Gregory G. H. Rihn (milwaukeesfs) wrote,
Gregory G. H. Rihn

Cirque du Soleil, “Saltimbanco”.

I had gotten us tickets for “Saltimbanco,” for the evening of the 4th, a Cirque du Soleil production that had a short run in Milwaukee. “Saltimbanco,” which means a mountebank or charlatan, (from the Italian "saltare in banco", which literally means "to jump on a bench") was one of Cirque du Soleil’s earlier productions, first running in the 1990’s, revived a number of times since then, and has toured extensively. The show’s format, which works in the style of a European single-ring circus, lends itself well to a touring format, and will fit into a large number of venues. That does not mean all venues fit it equally well, however. The Bradley Center, which was built as a basketball/hockey stadium, has few really good seats for this sort of thing. Most of the seats in the regular stands are rather far away from the action, and close-up chairs added on the floor end up looking up at the stage from a rather acute angle. That said, we got seats that had a good angle on the action, and opera glasses brought in details when desired.

The show began with clowns (the so-called Grotesques) interacting with the audience. As we later learned, there is a basic troupe of performers that work in most of the group functions, with a few specialist performers. So, most of the cast clown, sing, dance, move gear, and perform spectacular acrobatics, which makes them one of the hardest working groups of performers I have seen.

After the clowning, there was a musical number which introduced the rest of the cast, including singer Chantal S. Blanchard, whose operatic voice accompanied a number of the acts. The first formal piece was the “Adagio,” a classically styled balancing act with three performers, which was done with great grace and style. This was followed by the “Chinese Poles,” in which the troupe performed exceptional feats of strength and physical control. The show features no animals, so what is done is “limited” to what can be done by humans—mostly. Some of the things we saw, I would have sworn that human beings could not have done. Such a feat first shows up in the Chinese Poles, when one of the men climbs the pole using only his hands, while holding his body out away from the pole at arm’s length! (A video of this performance can be seen here: ) This performance made me realize how incredibly strong people can be without being hugely bulky. Truly amazing.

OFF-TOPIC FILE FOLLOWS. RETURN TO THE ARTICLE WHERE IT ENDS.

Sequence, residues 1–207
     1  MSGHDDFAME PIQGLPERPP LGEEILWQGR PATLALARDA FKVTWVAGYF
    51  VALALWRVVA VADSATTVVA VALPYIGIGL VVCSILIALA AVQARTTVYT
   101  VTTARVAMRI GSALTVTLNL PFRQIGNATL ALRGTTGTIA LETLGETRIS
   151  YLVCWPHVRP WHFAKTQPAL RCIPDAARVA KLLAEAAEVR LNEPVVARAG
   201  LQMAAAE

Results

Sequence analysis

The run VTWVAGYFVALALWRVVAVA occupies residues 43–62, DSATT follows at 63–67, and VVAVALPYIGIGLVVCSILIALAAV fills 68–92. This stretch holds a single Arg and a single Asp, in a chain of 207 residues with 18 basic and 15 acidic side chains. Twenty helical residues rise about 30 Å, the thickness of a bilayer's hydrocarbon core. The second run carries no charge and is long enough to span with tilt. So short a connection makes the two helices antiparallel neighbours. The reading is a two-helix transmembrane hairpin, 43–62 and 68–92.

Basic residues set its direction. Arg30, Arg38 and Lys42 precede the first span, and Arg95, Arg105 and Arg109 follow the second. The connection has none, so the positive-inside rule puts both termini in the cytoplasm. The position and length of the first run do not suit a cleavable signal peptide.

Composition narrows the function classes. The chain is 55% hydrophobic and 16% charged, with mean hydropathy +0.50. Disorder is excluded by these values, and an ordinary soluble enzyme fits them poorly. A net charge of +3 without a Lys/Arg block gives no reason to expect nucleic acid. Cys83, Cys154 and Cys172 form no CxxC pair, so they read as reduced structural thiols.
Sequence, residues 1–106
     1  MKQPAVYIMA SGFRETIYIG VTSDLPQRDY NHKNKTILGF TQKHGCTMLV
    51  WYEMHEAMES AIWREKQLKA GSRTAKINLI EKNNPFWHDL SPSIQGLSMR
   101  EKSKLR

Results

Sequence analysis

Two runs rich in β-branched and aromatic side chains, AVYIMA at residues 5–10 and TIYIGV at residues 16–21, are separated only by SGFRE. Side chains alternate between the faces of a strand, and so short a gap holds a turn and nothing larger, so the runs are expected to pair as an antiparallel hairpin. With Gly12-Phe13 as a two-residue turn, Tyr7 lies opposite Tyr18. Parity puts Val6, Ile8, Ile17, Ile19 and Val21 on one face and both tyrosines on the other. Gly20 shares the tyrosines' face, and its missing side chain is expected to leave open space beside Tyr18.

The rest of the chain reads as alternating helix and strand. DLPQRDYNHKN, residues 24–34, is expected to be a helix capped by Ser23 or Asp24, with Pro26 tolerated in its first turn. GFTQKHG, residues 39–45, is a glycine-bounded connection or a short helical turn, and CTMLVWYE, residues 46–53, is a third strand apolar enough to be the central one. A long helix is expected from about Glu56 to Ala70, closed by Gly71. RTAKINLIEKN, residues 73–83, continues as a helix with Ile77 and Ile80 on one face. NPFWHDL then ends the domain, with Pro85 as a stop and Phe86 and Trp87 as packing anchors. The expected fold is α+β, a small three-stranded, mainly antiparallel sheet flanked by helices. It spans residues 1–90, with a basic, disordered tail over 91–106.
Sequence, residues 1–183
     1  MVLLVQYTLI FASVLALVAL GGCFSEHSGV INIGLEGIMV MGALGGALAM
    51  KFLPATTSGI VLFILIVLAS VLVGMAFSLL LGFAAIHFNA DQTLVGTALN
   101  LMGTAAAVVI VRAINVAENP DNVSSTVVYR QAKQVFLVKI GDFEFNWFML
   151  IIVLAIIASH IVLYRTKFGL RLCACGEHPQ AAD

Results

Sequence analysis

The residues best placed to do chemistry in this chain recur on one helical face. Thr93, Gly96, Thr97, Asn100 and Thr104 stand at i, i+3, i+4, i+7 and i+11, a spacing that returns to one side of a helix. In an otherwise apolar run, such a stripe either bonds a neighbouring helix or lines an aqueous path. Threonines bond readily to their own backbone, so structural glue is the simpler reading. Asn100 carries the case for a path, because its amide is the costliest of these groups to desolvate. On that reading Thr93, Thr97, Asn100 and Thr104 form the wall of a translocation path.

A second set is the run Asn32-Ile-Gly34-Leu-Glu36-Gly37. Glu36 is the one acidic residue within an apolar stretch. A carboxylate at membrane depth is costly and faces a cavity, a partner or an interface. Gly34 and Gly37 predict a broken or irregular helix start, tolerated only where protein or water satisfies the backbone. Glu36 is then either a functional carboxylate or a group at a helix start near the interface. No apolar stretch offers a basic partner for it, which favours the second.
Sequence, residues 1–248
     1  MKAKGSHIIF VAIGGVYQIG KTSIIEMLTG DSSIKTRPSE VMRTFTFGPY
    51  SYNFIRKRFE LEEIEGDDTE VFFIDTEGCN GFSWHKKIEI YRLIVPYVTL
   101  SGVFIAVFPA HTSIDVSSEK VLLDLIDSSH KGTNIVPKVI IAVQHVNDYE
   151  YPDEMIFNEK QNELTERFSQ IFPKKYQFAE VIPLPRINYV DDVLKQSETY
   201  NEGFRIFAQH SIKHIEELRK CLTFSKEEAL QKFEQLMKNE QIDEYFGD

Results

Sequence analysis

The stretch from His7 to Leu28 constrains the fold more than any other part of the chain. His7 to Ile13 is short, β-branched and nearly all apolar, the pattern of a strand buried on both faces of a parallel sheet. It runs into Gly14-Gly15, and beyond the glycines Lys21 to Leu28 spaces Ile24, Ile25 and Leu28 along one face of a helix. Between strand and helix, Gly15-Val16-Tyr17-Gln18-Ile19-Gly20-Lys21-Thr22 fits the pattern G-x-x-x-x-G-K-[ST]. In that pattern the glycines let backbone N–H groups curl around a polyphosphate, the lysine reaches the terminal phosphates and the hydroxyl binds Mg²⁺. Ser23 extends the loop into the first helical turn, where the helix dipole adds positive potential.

After the Poles, the chief clown, “Eddy” (Amo Gulinelo) did the first of two spots where he did extensive mime interacting with the audience, supported by clever sound effects. These pieces are quite funny but run a bit long until one realizes that the rest of the cast are using the time to make extensive changes of costume and makeup.

Eddy was followed by a number of specialty performers interspersed with musical bits: the “Artistic Bicycle,” (Ivan Do-Duc), Juggler Luis Miguel Velasquez Terry, and the “Boleadoras” (Adriana Peguroles). These were mostly classical types of acts, but carried to new levels of skill and innovation. In particular, juggler Terry juggled first three, then four, then five, six and seven balls at such amazing speed that a machine would have been hard put to match it. The Boleadoras act is a percussive dance routine, wherein the performer rhythmically strikes the floor with a weight that is spun on the end of a rope while keeping up a Flamenco-like accompaniment with the feet. (Technically, these are “poi” rather than the multi-ended South American bolas, but probably far fewer people would know what a poi was than a bolas--.) This requires excellent fine motor control and spatial awareness.

After intermission, sisters Ruslana & Taisiya Bazaliy performed together on the duo trapeze, which act also amazed one at the extent to which one human being can catch and hold another using only the strength of one’s feet, among other maneuvers. The “Russian Swing,” which came next, is hard to describe, but it is a muscle-powered device that is capable of shooting an acrobat thirty feet in the air. Most of the performer did various tumbling moves, but what made the crowd roar was the small woman who performed a double (at least) back somersault to a perfect landing on a balance beam borne on the shoulders of two men who were in turn standing on the shoulders of two other men. One who knows a bit about these things knows that the positioning of the catchers is vital to stunts of this type, but if they had to adjust more than a fraction of an inch to make the catch this time, we could not see it.

Eddy gave another spot, in which he involved a very game member of the audience, while the cast changed. The next act was another strength balancing act, followed by a musical number, followed by the “Bunji” routine. This involves four acrobats on trapezes, who are hooked into bunji harnesses that allow them to spring from the floor of the ring to the trapeze, and float down again, all choreographed to the Cirque’s original music. Equally as important to the act were the ground men, who precisely controlled the height of the trapeze bars and the tension of the bunji harnesses. This reminded me of the beautiful “Cranes” act we saw years ago at the Moscow Circus, where the acrobats performed an aerial ballet between the trapezes and a trampoline-like net. This was followed by a musical finale, during which we were pleased to give the corps a standing ovation.
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